Children ran screaming for colorful eggs strewn across Las Flores Park Saturday morning at the annual Easter Egg Hunt.
The hunt was hosted by the La Verne Rotary Club, in partnership with the city of La Verne and the La Verne Chamber of Commerce.
Pink ribbons marked the “hunting” boundaries, and tables full of prizes surrounded the festivities.
The egg hunt was organized by age groups, with the littlest ones, ages 1-3, in their own section so they could be accompanied by a parent.
“For each age group we have three ribbons hidden inside eggs, and those three ribbons get the kids prizes,” said Steve Johnson, a longtime Rotary Club member who was on staff at the event.
Prizes included wrapped gift baskets full of soda, candy and other snacks decorated in vibrant ribbon.
Before the hunt began, some children posed for pictures with the Easter Bunny.
Then they took their desired spots at the starting lines.
In all more than 200 families in all attended the event, which Johnson noted had continued to grow over the years.
“It started with hard boiled eggs, and over the years it just got to be too messy, so now we have the plastic eggs filled with candy,” said Johnson, who handled set-up and prize giveaway.
Today the event is so popular that it is held at two La Verne parks: Las Flores and Emerald Park.
“It is an interesting event because if you are here a minute late, it’s gone,” Johnson said. “It is one of those things that you have to witness to really appreciate it.”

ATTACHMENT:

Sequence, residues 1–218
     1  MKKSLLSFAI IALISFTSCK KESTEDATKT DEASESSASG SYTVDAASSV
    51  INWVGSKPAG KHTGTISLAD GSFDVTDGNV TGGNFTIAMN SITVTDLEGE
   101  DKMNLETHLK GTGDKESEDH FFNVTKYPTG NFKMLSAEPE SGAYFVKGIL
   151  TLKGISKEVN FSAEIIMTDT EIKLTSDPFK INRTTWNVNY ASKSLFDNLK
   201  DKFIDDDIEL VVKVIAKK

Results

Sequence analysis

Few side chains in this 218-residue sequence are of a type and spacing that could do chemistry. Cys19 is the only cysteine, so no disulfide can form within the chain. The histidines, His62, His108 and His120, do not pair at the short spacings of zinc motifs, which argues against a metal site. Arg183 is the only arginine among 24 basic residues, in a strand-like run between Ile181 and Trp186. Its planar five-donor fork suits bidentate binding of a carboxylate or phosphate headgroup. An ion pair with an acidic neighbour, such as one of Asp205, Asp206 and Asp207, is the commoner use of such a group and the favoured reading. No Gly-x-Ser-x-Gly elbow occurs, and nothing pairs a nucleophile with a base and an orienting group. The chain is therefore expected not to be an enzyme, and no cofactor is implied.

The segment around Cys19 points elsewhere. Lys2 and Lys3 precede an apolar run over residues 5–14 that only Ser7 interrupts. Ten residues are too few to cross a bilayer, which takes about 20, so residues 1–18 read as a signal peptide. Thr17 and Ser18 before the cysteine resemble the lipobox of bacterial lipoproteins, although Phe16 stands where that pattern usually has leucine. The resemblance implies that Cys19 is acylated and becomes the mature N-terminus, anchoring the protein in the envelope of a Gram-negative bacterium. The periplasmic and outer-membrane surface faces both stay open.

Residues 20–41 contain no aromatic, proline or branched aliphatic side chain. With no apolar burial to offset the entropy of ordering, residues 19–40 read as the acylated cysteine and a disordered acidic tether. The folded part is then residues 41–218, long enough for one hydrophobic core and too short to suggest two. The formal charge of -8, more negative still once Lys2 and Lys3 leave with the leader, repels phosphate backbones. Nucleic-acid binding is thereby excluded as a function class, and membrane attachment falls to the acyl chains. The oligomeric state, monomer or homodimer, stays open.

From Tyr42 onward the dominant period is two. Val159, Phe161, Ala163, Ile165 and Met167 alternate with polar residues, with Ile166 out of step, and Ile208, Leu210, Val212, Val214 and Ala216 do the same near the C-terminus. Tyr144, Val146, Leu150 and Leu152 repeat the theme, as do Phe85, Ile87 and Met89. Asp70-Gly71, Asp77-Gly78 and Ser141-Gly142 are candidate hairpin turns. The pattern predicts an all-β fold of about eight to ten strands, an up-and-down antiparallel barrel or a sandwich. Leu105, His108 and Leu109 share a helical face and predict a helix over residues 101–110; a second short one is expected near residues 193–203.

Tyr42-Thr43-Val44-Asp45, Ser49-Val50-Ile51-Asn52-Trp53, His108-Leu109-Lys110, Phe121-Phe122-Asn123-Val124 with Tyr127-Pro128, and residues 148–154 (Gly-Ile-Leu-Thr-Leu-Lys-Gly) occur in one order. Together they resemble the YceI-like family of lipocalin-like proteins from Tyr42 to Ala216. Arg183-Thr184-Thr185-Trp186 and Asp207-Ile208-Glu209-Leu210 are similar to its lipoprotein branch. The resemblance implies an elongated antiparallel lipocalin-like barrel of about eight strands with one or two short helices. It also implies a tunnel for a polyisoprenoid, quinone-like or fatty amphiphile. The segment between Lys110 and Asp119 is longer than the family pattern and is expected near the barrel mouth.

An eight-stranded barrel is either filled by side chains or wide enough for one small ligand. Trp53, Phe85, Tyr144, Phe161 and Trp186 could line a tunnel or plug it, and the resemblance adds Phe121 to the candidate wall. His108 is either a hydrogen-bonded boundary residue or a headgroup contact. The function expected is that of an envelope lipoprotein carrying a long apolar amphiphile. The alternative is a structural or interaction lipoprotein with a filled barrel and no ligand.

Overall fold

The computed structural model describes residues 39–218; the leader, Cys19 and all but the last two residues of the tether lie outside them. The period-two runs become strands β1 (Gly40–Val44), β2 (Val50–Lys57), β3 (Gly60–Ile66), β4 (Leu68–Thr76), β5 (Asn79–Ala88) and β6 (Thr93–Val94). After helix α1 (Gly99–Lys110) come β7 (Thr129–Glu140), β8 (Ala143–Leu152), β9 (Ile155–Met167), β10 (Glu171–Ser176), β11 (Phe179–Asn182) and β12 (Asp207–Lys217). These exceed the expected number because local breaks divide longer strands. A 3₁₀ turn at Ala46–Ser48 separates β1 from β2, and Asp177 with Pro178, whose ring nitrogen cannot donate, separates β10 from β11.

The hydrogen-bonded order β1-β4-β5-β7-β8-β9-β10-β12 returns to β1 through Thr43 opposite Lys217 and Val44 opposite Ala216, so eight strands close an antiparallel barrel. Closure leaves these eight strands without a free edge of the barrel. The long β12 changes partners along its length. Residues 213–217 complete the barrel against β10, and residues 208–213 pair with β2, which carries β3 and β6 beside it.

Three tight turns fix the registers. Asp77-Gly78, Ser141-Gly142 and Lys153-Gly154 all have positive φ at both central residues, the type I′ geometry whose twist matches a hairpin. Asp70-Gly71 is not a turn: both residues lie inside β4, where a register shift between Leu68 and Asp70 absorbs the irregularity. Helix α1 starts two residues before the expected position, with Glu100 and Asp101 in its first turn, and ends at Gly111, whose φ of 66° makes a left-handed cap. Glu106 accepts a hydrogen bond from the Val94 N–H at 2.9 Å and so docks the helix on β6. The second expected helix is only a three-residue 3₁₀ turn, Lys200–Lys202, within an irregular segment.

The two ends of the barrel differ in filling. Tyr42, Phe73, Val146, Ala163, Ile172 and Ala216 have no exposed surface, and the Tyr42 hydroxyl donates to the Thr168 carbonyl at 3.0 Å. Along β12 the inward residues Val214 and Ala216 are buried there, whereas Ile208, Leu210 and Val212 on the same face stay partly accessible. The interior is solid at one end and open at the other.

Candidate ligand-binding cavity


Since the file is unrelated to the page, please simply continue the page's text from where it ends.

La Verne resident Monette Clark, a grandmother who attended the event with her daughter and grandchildren, said this was her family’s first year winning a prize.
“We’ve been coming to the event for nine years; it’s just a block away from my house,” Clark said. “It is just great to see all of the kids, even from the crying ones to the happy ones.”
Clark said her grandson Jeremy found the egg with the ribbon, adding that as soon as the hunt was over the kids were ready to go home.
Ventura resident Krista Hill, a mother of two in the 10 to 12 age group, said her husband, who grew up in La Verne, has been attending the city’s Easter egg hunt since he was a kid.
“It is a family tradition, it is so much fun for the kids, and they look forward to it every year,” Hill said. “They just love hunting eggs.”
Hill said her kids have a strategy to get the most eggs possible—by running to the back of the field first and leaving all of the eggs in the front.
When the short event ended, the crowd quickly dispersed and when all the prizes were collected, Rotary Club staff also quickly pulled up the age group signs and untied the ribbons.
Kendra Craighead can be reached at email@example.com.